The pineapplefish is native to coastal waters off Queensland, New South Wales, and Western Australia.
The Pineapplefish (Cleidopus gloriamaris) bears an uncanny resemblance to the pineapple fruit. This unusual fish comes from the Monocentridae family and was first described in 1882 by Charles De Vis in Queensland. Also referred to as the Knightfish or Pinecone fish, this species of fish is very easily recognized by its yellow scales that are outlined in black. The scales of the Pineapplefish are very strong and like an armor which helps to protect the fish from predators like large reef sharks and octopuses.
This species is found on the west and east coasts of the continent of Australia. However, it has not been recorded in areas of Tasmania, southern Australia, and in Victoria. Typically the Pineapplefish prefers habitats in estuaries and close to the coastline. Although they make their home in rocky reefs in 6 to 200 meters (20–660 ft) of water, the Pineapplefish has been discovered at depths of 250 meters.
Growing to a maximum length of about 25 cm (10 in.) and a weight up to 2.3 kg (5 lbs.), the Pineapplefish has the ability to glow at night. There is a small organ found on either side of its lower jaw that produces a greenish like glow. As the fish matures the organ changes colors from green to red. At night the fish will use the light to attract tiny microscopic prey to feed on. There is also a very similar looking species (Monocentrus japonicus), which is called the Japanese Pineapplefish that can be found in the waters of Australia as well. Although, this species can be identified by its snout which is more rounded than the Cleidopus gloriamaris species.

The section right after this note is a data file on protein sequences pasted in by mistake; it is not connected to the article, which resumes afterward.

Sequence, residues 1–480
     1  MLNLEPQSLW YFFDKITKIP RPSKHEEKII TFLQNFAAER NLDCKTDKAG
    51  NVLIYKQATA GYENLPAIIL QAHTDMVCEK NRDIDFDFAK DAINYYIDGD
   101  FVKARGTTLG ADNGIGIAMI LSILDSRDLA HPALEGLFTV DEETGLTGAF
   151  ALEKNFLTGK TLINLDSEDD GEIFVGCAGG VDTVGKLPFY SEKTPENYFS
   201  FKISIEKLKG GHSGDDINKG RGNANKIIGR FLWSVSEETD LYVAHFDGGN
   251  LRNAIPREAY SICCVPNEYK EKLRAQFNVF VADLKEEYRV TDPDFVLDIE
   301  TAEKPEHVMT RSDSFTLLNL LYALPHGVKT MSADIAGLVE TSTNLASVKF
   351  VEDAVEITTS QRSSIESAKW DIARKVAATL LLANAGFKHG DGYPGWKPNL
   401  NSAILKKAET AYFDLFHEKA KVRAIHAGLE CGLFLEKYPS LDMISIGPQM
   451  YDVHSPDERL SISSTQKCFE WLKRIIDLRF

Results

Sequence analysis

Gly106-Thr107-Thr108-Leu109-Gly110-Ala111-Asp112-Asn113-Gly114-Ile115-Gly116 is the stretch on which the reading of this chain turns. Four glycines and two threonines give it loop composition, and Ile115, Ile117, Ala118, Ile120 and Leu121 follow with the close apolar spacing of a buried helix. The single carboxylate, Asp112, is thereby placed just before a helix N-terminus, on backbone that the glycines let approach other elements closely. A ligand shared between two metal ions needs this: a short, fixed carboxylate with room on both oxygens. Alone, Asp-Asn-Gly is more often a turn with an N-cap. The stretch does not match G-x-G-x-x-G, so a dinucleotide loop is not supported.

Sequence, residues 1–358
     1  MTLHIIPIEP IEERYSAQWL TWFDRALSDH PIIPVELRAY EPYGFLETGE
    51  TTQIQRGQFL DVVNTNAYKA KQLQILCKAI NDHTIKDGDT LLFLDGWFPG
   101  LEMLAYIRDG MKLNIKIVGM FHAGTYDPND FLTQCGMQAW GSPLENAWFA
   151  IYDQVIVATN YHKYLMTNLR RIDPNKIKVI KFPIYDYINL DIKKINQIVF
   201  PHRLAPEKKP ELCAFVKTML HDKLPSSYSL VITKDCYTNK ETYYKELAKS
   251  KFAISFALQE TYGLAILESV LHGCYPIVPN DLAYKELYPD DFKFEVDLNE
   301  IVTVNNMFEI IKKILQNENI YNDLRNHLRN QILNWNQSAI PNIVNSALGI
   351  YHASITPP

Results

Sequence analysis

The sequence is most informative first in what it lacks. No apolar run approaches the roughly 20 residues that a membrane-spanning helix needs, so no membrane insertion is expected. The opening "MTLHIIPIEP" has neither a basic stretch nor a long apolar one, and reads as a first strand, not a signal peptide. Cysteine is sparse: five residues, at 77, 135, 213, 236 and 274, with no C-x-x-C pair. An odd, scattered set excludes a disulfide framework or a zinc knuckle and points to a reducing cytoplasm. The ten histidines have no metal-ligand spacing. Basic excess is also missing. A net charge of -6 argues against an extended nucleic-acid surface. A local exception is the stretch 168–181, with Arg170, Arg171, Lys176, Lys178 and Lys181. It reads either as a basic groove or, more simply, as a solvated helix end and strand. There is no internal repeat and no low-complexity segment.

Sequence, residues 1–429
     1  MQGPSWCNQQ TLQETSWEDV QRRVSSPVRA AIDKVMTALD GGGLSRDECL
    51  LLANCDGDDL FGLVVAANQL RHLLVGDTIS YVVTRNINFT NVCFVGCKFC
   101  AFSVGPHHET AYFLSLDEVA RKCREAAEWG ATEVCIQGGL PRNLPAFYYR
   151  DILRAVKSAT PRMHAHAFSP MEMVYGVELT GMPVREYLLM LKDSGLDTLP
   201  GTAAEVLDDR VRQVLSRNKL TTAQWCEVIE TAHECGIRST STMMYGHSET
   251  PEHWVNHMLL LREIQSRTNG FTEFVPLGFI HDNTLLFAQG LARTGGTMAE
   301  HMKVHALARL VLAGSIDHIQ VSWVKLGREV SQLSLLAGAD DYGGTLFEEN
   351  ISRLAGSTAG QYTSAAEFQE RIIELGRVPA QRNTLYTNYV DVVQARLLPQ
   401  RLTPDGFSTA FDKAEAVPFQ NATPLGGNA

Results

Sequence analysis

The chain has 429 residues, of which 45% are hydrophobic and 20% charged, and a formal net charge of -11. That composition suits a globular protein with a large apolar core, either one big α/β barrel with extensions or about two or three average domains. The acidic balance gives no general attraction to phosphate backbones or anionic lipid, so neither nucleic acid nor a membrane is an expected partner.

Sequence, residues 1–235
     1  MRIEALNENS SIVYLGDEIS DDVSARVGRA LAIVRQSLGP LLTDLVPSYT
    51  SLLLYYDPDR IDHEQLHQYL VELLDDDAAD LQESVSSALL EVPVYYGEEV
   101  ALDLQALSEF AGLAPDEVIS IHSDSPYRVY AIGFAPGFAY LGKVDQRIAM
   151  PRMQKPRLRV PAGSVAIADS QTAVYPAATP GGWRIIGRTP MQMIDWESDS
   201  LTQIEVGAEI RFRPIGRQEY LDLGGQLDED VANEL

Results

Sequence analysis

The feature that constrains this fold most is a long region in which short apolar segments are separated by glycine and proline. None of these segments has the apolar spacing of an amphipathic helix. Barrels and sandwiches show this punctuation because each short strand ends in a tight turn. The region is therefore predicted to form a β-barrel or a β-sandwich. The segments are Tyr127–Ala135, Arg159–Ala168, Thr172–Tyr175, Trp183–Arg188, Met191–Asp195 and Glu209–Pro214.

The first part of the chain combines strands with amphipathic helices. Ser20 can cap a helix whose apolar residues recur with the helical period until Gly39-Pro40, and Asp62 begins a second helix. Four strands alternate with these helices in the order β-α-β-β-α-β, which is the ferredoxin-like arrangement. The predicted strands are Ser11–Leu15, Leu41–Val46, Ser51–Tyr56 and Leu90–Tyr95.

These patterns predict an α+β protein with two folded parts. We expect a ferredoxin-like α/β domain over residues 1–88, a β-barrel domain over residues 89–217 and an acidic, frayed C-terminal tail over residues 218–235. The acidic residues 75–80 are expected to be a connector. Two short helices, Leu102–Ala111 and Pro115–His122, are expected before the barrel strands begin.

The Pineapplefish is actually a very popular species to look for when scuba diving. Since they tend to hide quite often in rocks and caves, it can be difficult to photograph them. This species of fish is well liked by those who enjoy the hobby of keeping an aquarium. Some enthusiasts have reported that the fish can live up to 10 years inside a private aquarium. Even though this fish has a sweet name, it is not particularly good eats. The Pineapplefish has been noted as making a great fish to pair with others in aquariums, and they currently not endangered.
Picture of the pineapplefish by richard ling, licensed under Creative Commons Attribution-Share Alike 2.0 Generic license.
Australian pineapplefish in English
Australsk koglefisk in Danish (dansk)
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Knight fish in English
knightfish in English
Luminescent pineconefish in English
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Natipolo in Other
Pineapple fish in English
Pineapplefish in English
Pinecone fish in English
Pineconefish in English
Port and starboard bightfish in English
port and starboard light fish in English
West Australian knight fish in English
澳洲光頜松球魚 in Mandarin Chinese
澳洲光颌松球鱼 in Mandarin Chinese